Well, hello there. Welcome to the dress of pocket dreams.
I’ve had the pattern for the Tea House Dress (from Sew House Seven) for at least a year, but I held out on making this dress until I found the perfect fabric. When I saw this Robert Kaufmann Indikón Cotton Yarn Dyed Fabric at Patch Halifax, I knew it was exactly what I had been waiting for.
I played with the direction of the stripe and used the wrong side of fabric on the front and back plackets, the centre front skirt, and the sleeve cuffs. I’m glad that I opted for the shorter version, as the longer one is a lot of dress on a 5’2 person, but also because I still used nearly 4 metres of fabric on this one!
The neckline is the perfect depth on me and I didn’t need to do any kind of full-bust-adjustment. The only tricky part of this dress was the front placket. The instructions have you gather the front inside edges ever so slightly and press the pieces until they are totally flat. I’m not entirely sure what purpose that ease serves. I was able to get one the way I wanted, but the other wasn’t quite as good. I found that topstitching the front placket, which connects it to the lining placket, creates a slight puffiness in the front.
It’s a minor quibble though. I am delighted with this dress. The fit is spot-on; it’s very flattering; I love a Dolman sleeve and, of course, those pockets! In fact, this may be my favourite make of this project so far.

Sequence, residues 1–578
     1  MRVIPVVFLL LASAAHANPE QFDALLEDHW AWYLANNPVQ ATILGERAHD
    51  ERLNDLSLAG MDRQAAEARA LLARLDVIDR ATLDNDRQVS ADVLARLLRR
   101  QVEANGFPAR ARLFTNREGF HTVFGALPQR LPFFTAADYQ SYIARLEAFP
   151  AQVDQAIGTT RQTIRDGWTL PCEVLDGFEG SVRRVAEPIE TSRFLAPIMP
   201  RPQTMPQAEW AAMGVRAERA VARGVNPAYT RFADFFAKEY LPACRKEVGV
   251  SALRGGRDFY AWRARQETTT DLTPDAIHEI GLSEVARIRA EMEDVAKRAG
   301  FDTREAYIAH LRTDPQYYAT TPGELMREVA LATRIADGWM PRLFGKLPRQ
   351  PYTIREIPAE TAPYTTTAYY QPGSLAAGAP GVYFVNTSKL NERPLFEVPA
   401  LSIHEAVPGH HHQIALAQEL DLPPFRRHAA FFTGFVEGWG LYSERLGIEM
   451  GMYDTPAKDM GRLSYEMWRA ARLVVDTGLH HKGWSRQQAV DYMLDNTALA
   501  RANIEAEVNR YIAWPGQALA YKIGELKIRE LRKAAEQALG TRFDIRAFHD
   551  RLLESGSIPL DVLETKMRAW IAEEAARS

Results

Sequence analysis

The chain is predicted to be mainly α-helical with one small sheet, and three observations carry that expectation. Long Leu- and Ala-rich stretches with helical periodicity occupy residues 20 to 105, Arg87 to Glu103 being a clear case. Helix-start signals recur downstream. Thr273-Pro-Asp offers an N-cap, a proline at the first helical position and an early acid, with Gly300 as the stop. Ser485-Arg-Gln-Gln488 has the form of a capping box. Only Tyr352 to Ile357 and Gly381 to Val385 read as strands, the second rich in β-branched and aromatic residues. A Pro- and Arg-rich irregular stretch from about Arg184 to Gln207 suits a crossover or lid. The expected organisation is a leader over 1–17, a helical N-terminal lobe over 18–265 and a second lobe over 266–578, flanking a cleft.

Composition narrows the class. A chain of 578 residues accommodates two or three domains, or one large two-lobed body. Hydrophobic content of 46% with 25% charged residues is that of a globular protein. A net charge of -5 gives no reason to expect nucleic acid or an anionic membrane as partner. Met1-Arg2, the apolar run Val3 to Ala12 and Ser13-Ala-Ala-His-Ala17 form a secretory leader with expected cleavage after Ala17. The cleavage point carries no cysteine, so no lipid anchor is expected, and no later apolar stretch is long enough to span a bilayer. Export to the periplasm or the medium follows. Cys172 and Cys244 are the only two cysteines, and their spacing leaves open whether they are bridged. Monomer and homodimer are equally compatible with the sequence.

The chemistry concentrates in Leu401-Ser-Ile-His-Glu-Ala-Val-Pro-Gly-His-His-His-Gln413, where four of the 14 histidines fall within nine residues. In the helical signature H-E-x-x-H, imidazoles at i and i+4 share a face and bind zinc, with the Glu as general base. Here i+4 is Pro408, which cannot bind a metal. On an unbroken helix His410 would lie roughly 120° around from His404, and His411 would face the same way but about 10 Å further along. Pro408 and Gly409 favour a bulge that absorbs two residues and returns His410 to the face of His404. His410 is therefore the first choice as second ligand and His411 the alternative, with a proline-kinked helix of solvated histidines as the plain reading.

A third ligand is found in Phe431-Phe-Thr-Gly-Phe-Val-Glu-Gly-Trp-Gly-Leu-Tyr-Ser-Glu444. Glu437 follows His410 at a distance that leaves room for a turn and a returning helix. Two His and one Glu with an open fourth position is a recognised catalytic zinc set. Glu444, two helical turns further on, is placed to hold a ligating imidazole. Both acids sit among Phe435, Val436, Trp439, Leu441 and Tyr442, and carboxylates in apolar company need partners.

Project: Tea House Dress
Total Cost $108.25
Pattern: $24.25 (18 USD)
Fit: Straight size 4
What to work on: That teensy bit of fullness in the front placket
See also: My beloved (and much worn) Toaster Sweater is also from Sew House Seven. I’ve got my eye on the Nehalem Pant pattern too!
When I saw the post for Project Sew My Style (an online sewing challenge to create a particular item each month) from Bluebird Fabrics on Instagram, I was eager to sign up and give my own handmade wardrobe project some added structure. Luckily for me, I’ve never made any of the designated patterns before. I’m looking forward to taking on some silhouettes that I might not have tried otherwise.
Making the Toaster Sweater was refreshingly quick, which was a relief after the intense projects I’ve been working on. I played around with the lengths of both the front and the back of the shirt and decided on adding one inch to the front and four inches to the back. Originally, I had been more drawn to Version 1 of the sweater, but once I got this on – especially in my extended length – I didn’t want to take it off. The long sleeves make for a very cozy shirt.
I had a little trouble with the hem, as my machine was skipping stitches and the feed dogs were catching with the twin needle. I ripped out most of the hem and did it again. It’s not perfect, but it’s liveable. The fabric is some wonderfully soft french terry from Blackbird Fabrics. (It’s the forest colour.) I also ordered some of the charcoal option (for some Hudson Pants), and I’m hoping to play pattern Tetris and get another Toaster Sweater out of it as well. Being curvy and short, I tend to shy away from boxier tops, but the terry is light enough to drape nicely.
I’m looking forward to seeing everyone’s makes. You can follow along on Instagram with #toastersweater2 and #sewmystyle.
Project: Toaster Sweater 2
Total Cost: $31
Pattern: $7.50 (PDF of Version 2 only with project discount)
Fit: Size Small with added length
What to work on: Machine maintenance. Those feed dogs need some oil!